Due I2C slave sends 'x' when it runs out of things to say

I've been digging deep into the Wire library for the Due. So far, I've discovered a few things different to the AVR version of the library but this one made me go WTF!

	if (status == SLAVE_SEND) {
			uint8_t c = 'x';
			if (srvBufferIndex < srvBufferLength)
				c = srvBuffer[srvBufferIndex++];
			TWI_WriteByte(twi, c);

This is inside the Due version of Wire.cpp, in the onService() function. This function seems to be called by the TWI interrupt someting-happened-we-don't-know-what and it has to check the status to find out what mode it's in and do the correct action.

So, it appears that if the master requests more bytes than are in the slave's outgoing buffer then it will send the letter 'x'. Am I reading that right?

If the master requests a block of data and I don't have that much to send, then I can't just add a NACK on the end of the data I have? The library will just send 'x' on my behalf?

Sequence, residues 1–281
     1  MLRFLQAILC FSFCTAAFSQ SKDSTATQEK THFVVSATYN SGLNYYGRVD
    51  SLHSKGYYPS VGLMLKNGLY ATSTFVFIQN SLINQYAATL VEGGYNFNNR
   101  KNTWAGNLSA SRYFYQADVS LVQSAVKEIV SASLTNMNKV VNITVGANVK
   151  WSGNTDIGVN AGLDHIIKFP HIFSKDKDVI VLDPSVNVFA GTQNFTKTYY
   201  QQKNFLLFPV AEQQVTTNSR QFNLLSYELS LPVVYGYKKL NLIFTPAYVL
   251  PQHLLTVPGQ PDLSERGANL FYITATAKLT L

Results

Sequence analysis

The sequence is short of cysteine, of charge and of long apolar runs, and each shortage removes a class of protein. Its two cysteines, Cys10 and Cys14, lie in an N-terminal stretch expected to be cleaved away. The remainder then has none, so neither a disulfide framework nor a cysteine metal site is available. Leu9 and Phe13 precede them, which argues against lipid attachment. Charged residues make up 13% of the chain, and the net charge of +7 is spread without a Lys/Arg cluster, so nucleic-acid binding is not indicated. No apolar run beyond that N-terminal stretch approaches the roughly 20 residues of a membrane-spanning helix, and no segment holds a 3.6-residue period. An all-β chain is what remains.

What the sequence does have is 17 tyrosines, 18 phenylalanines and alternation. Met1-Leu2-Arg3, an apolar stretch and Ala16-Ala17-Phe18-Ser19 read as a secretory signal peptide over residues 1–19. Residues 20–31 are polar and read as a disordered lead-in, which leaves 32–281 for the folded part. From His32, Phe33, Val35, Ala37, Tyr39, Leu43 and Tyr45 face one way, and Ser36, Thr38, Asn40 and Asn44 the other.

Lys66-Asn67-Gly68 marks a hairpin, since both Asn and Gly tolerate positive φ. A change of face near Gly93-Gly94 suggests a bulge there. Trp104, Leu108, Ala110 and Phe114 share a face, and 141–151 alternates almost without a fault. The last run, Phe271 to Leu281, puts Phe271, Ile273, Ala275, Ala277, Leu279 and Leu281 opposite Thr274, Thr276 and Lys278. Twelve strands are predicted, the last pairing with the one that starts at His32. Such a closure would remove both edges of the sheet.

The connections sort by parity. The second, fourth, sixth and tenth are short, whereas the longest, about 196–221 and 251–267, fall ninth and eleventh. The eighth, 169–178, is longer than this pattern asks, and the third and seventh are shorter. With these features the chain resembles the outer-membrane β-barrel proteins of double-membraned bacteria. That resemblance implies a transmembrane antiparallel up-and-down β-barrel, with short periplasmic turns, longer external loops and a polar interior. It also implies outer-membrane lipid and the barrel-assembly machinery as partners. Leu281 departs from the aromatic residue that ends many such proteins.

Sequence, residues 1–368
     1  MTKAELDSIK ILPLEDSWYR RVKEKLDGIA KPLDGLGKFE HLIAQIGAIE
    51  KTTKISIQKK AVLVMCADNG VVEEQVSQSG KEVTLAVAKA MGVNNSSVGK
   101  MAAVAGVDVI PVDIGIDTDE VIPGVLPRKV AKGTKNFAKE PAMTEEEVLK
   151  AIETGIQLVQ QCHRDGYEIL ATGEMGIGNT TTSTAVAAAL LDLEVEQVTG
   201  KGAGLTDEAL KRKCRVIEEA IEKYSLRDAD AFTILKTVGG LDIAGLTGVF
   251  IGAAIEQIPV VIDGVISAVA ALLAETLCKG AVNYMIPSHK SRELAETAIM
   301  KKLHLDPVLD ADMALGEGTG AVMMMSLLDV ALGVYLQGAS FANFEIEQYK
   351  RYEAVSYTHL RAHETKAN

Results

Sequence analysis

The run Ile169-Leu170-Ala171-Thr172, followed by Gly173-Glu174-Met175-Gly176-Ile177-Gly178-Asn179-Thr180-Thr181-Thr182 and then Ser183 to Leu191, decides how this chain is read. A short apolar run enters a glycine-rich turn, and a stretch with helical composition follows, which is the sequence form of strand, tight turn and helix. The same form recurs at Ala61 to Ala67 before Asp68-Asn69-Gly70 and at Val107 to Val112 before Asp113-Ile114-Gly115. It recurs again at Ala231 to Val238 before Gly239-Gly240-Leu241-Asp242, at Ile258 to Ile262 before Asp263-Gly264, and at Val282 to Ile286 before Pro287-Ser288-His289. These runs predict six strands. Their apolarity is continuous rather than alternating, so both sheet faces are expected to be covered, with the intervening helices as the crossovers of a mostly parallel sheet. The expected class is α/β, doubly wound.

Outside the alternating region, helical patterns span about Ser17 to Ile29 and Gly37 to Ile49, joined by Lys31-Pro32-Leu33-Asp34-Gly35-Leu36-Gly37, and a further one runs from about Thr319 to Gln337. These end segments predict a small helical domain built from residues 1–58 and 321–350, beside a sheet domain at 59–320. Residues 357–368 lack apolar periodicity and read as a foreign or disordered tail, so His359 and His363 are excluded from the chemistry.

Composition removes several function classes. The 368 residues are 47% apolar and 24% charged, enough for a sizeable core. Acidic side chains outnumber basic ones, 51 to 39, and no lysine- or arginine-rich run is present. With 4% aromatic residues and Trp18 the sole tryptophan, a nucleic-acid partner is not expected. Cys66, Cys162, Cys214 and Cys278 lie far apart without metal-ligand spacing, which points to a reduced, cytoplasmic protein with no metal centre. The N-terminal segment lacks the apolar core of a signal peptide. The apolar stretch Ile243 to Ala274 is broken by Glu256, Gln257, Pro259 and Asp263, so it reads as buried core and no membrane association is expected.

Well, I think I've learned a bit more about I2C. When the master requests data from a slave, there's no way for the slave to say "I don't have data." The I2C protocol doesn't seem to allow that to happen. The slave must ACK its address when it's called and then the ACKs for the individual bytes are generated by the master.

I suppose the slave could NACK when it's called with a read bit set but that's certainly not how the Arduino I2C library works and it doesn't allow the slave to send a variable number of bytes.

It makes the 'number of bytes received' counter on the master side redundant - there's no way not to recieve that many if the slave gave an ACK when its address was called.

The solution is to add another layer to the protocol stack - perhaps the first byte the slave sends is the number of bytes to follow.